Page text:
Garvey P.,Health Protection Surveillance Center | McKeown P.,Health Protection Surveillance Center | Kelly P.,Food and the Marine | Cormican M.,National University of Ireland | And 18 more authors.
Eurosurveillance | Year: 2013

Salmonella Typhimurium DT8 was a very rare cause of human illness in Ireland between 2000 and 2008, with only four human isolates from three patients being identified. Over a 19-month period between August 2009 and February 2011, 34 confirmed cases and one probable case of Salmonella Typhimurium DT8 were detected, all of which had an MLVA pattern 2-10-NA-12-212 or a closely related pattern. The epidemiological investigations strongly supported a link between illness and exposure to duck eggs. Moreover, S. Typhimurium with an MLVA pattern indistinguishable (or closely related) to the isolates from human cases, was identified in 22 commercial and backyard duck flocks, twelve of which were linked with known human cases. A range of control measures were taken at farm level, and advice was provided to consumers on the hygienic handling and cooking of duck eggs. Although no definitive link was established with a concurrent duck egg-related outbreak of S. Typhimurium DT8 in the United Kingdom, it seems likely that the two events were related. It may be appropriate for other countries with a tradition of consuming duck eggs to consider the need for measures to reduce the risk of similar outbreaks. Source

Douarre P.E.,Cork Institute of Technology | Cashman W.,Cork County Council | Buckley J.,Cork County Council | Coffey A.,Cork Institute of Technology | O'Mahony J.M.,Cork Institute of Technology
Gut Pathogens | Year: 2010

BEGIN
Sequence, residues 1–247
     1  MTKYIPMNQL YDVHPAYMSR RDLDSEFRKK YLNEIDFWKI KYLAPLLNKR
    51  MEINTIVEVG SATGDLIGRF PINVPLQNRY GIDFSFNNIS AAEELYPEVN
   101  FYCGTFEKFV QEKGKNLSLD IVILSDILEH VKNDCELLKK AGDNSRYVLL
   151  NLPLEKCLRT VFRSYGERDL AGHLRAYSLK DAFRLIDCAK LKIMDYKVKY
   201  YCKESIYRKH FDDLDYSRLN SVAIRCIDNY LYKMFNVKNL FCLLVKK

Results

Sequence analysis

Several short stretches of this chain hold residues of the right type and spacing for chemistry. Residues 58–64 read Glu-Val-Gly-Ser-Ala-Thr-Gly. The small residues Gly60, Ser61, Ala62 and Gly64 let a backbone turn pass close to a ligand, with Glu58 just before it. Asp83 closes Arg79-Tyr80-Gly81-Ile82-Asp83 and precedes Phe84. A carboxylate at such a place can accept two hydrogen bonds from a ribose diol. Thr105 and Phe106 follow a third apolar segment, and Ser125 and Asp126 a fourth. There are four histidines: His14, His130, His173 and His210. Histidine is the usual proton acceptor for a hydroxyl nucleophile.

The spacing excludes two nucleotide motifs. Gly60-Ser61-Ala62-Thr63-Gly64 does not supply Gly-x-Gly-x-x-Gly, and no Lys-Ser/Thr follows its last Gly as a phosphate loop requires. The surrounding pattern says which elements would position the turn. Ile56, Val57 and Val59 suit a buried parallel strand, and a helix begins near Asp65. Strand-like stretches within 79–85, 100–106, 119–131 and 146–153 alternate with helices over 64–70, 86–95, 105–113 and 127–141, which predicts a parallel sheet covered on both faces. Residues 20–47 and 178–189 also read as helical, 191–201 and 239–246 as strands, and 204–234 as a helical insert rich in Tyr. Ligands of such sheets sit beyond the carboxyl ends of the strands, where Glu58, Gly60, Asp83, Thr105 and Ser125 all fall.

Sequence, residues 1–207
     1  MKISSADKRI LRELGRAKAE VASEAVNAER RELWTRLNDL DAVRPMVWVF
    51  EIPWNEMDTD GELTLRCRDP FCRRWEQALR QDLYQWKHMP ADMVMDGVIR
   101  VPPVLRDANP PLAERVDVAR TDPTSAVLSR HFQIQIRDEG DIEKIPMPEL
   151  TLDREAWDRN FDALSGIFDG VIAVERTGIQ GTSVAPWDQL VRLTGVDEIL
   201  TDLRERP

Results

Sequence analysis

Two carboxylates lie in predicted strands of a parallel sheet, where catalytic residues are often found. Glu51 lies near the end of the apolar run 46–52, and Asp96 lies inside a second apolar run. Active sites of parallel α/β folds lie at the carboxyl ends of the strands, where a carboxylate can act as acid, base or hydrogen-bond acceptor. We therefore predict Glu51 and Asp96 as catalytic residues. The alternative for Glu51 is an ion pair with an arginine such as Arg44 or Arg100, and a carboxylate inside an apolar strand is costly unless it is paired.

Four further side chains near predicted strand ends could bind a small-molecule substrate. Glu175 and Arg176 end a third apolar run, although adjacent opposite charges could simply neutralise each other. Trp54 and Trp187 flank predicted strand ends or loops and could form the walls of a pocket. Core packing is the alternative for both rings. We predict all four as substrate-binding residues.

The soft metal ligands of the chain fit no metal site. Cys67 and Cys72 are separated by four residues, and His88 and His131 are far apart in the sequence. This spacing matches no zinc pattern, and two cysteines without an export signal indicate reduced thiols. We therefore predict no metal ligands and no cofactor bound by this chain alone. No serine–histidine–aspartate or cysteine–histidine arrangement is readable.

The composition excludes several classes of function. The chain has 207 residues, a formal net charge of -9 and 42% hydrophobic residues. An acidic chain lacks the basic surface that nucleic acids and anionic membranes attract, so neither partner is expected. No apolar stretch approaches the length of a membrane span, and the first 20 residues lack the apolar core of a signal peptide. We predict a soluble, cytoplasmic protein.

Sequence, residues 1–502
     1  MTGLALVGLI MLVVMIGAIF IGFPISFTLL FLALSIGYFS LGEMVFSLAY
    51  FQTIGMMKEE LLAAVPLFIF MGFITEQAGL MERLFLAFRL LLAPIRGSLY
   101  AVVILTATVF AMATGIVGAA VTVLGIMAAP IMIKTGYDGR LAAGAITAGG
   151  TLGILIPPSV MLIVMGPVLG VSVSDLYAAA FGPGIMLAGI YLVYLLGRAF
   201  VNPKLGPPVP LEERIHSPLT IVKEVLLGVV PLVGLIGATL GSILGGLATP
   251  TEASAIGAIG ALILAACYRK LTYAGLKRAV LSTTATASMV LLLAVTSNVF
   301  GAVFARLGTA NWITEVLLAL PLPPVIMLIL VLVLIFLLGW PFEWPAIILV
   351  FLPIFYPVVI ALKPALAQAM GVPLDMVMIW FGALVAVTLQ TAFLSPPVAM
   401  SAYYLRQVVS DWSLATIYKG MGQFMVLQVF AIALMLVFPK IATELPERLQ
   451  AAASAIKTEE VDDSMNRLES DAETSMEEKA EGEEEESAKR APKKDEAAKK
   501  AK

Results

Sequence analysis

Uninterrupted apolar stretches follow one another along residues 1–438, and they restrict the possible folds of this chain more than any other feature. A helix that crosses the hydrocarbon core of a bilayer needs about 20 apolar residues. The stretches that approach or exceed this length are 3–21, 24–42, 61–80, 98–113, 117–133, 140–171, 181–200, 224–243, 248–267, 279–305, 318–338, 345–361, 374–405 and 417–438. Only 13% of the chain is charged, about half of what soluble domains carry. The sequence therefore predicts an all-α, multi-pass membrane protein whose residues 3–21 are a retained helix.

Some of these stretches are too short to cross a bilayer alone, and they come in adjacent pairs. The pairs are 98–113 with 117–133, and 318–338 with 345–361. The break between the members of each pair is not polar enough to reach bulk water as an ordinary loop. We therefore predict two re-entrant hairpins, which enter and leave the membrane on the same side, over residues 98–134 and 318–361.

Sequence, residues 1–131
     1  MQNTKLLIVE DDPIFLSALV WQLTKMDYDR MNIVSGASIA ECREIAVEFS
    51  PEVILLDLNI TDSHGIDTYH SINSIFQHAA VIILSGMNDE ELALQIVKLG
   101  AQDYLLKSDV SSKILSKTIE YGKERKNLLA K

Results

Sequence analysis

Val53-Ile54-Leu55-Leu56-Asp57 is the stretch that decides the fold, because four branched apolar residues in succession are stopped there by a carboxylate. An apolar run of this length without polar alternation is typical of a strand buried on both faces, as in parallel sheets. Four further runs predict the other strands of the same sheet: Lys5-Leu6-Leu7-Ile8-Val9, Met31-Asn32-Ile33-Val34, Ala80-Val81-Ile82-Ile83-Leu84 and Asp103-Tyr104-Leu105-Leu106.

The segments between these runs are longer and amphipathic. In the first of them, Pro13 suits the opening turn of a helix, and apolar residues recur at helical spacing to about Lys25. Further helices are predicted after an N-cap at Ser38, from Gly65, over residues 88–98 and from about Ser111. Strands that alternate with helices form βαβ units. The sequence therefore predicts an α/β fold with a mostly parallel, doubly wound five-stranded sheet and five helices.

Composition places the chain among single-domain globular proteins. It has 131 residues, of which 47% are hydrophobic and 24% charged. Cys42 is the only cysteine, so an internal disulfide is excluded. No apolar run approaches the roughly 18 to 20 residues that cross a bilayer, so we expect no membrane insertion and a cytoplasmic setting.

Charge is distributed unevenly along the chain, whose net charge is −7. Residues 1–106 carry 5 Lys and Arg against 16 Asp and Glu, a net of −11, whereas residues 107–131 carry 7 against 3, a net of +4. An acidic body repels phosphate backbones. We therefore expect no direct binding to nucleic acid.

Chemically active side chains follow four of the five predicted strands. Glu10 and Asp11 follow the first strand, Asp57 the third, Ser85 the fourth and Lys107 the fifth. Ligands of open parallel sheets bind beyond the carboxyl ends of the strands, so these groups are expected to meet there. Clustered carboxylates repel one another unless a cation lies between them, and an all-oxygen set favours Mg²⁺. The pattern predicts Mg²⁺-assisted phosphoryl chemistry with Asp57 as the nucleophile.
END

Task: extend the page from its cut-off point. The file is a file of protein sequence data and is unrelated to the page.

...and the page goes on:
Background: Mycobacterium avium subsp. paratuberculosis (MAP) causes a chronic gastroenteritis affecting many species. Johne's disease is one of the most widespread and economically important disease of ruminants. Since 1992 and the opening of the European market, the exposure and the transmission of MAP in cattle herds considerably increased. Improvements in diagnostic strategies for Ireland and elsewhere are urgently required. In total, 290 cattle from seven Irish herds with either a history or a strong likelihood of paratuberculosis infection were selected by a veterinary team over 2 years. Faecal samples (290) were collected and screened for MAP by a conventional culture method and two PCR assays. In order to further evaluate the usefulness of molecular testing, a nested PCR was also assessed. Results: M. paratuberculosis was isolated and cultured from 23 faecal samples (7.9%) on solid medium. From a molecular perspective, 105 faecal samples (36%) were PCR positive for MAP specific DNA. A complete correlation (100%) was observed between the results of both molecular targets (IS900 and ISMAP02). Sensitivity was increased by ∼10% with the inclusion of a nested PCR for ISMAP02 (29 further samples were positive). When culturing and PCR were retrospectively compared, every culture positive faecal sample also yielded a PCR positive result for both targets. Alternatively, however not every PCR positive sample (n = 105, 36%) produced a corresponding culture isolate. Interestingly though when analysed collectively at the herd level, the correlation between culture and PCR results was 100% (ie every herd which recorded at least 1 early PCR +ve result later yielded culture positive samples within that herd). Conclusion: PCR on bovine faecal samples is a fast reliable test and should be applied routinely when screening for MAP within herds suspected of paratuberculosis. Nested PCR increases the threshold limit of detection for MAP DNA by approximately 10% but proved to be problematic in this study. Although slow and impractical, culturing is still regarded as one of the most reliable methods for detecting MAP among infected cattle. © 2010 Douarre et al; licensee BioMed Central Ltd. Source